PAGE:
Pursue the goal and observe the method.

We’ve all encountered (or have been) the type of person who does the right thing in the wrong way.  You know, someone gives you important advice but in a way that belittles you, so much so, that you reject them and their advice.  Well, the same is true with little ones.  Even the best of goals and ambitions done without good character can spoil the lesson.  The importance of good character cannot be stressed enough.  Encourage and praise the good, condemn the wrong action not the actor, think before you speak, contemplate before you act, and…SMILE!  Invite your children to good, don’t drag them to it.  As the teacher oft-repeated “The raising of our children is the raising of ourselves” and “Discipline yourself before disciplining your children”. 

Guard your company and environment.

This may not be so challenging within the home, but it certainly is outside of the home. For example, the elder who offers your child MSG chips, the neighbor who slaps their child in the face for the slightest offense, or the friend whose ideal babysitter is the TV.  Sometimes you know and try to steer clear but, inevitably, you have head on collisions with undesirable circumstances and encounters.  Do your best to keep unwanted influences to a minimum and realize that your lifestyle and company will affect your children.

Teach gradually and discipline positively.

Tarbiyyah is a gradual, progressive upbringing.  Teaching and guiding a child takes time, so be wise.  When they err, be patient.  Harshness can spoil the best of intentions. It is noteworthy that the Arabic word for “education”—tarbiyya—denotes bringing something from the state of imperfection to perfection. Such is not a simple or quick task. A diamond is not developed from rock overnight! It requires patience, dedication, and consistency.

Pray and seek divine success.

Appeal to the Knower of the Unseen, the Omniscient, the Omnipotent.  The best of books, methodologies, and toys don’t produce success; Allah gives it.  The most significant lessons a child must learn in their life may not fit on low wooden shelves or individual trays- life itself is a teacher and we pray that our children navigate their way through this experience of life with success and ease!  Ameen!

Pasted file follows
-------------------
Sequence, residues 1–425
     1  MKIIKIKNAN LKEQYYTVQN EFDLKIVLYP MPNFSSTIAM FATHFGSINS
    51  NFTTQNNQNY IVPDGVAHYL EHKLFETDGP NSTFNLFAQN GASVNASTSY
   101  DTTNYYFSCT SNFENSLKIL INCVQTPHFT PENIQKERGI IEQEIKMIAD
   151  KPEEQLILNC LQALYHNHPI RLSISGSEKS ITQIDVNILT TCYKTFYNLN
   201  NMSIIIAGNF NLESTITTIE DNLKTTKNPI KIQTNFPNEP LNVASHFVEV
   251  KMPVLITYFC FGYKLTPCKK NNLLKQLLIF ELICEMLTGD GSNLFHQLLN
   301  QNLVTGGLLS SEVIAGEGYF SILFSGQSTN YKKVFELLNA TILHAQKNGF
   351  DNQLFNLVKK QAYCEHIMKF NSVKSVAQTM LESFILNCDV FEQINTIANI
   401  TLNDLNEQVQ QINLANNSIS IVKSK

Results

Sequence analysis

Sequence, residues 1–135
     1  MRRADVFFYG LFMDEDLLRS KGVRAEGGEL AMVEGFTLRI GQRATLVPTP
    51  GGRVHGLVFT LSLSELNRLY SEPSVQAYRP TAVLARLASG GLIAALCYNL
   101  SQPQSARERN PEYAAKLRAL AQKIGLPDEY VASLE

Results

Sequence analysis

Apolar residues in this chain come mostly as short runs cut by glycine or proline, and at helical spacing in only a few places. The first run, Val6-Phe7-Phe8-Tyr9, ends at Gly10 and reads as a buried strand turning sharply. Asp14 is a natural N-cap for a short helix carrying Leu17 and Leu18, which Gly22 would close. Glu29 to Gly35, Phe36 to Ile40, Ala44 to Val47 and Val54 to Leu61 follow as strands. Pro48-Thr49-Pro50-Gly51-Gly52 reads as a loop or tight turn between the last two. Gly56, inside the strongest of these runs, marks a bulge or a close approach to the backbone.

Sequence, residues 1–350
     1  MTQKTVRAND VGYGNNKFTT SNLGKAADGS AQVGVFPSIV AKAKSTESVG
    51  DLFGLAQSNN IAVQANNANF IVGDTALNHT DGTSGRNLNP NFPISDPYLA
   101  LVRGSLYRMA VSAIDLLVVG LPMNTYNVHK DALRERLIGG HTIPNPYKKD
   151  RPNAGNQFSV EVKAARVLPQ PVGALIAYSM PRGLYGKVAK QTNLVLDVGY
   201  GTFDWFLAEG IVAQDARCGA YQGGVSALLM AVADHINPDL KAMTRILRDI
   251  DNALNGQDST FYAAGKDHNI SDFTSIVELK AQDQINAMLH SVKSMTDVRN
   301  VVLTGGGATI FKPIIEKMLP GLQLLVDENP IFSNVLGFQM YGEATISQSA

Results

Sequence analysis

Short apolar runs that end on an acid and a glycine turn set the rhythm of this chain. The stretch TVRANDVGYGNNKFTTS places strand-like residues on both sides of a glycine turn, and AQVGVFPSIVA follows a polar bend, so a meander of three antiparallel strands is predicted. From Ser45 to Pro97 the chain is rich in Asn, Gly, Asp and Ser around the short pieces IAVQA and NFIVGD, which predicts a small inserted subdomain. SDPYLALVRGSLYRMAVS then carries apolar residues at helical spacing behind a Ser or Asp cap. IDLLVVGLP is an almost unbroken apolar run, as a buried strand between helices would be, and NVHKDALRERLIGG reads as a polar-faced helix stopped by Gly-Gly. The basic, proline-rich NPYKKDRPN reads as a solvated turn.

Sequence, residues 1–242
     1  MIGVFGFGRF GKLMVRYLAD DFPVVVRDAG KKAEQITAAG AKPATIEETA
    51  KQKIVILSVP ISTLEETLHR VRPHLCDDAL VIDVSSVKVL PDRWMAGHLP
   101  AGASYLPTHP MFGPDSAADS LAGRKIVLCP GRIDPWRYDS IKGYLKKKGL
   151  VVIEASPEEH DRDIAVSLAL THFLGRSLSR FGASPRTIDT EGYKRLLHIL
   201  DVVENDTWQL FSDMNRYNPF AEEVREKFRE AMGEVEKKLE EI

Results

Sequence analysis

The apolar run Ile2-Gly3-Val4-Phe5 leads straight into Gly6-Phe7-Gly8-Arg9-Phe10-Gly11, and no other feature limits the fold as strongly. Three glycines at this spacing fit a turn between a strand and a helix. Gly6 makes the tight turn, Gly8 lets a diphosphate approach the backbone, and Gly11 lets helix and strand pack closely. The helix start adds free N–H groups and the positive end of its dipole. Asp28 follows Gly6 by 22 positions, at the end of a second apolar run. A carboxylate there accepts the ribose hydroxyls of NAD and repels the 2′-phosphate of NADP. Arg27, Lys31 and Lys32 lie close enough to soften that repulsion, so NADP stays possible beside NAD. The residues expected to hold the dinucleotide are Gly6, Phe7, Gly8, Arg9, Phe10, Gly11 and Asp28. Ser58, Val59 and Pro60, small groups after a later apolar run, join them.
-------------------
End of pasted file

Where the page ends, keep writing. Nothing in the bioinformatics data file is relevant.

Advertisements

2 thoughts on “The Spiritual Work of Parenting

  1. Great post. And lovely photo, mashallah.

    condemn the wrong action not the actor,

    The corollary to this that wasn’t immediately obvious to me was to praise the good action, not the actor, too. Like when the child gets an A, you praise their hard work that earned them that, not their natural brilliance. Because they’re not likely to get any more naturally brilliant, but they can always learn to work harder!

Leave a Reply

Fill in your details below or click an icon to log in:

WordPress.com Logo

You are commenting using your WordPress.com account. Log Out / Change )

Twitter picture

You are commenting using your Twitter account. Log Out / Change )

Facebook photo

You are commenting using your Facebook account. Log Out / Change )

Google+ photo

You are commenting using your Google+ account. Log Out / Change )

Connecting to %s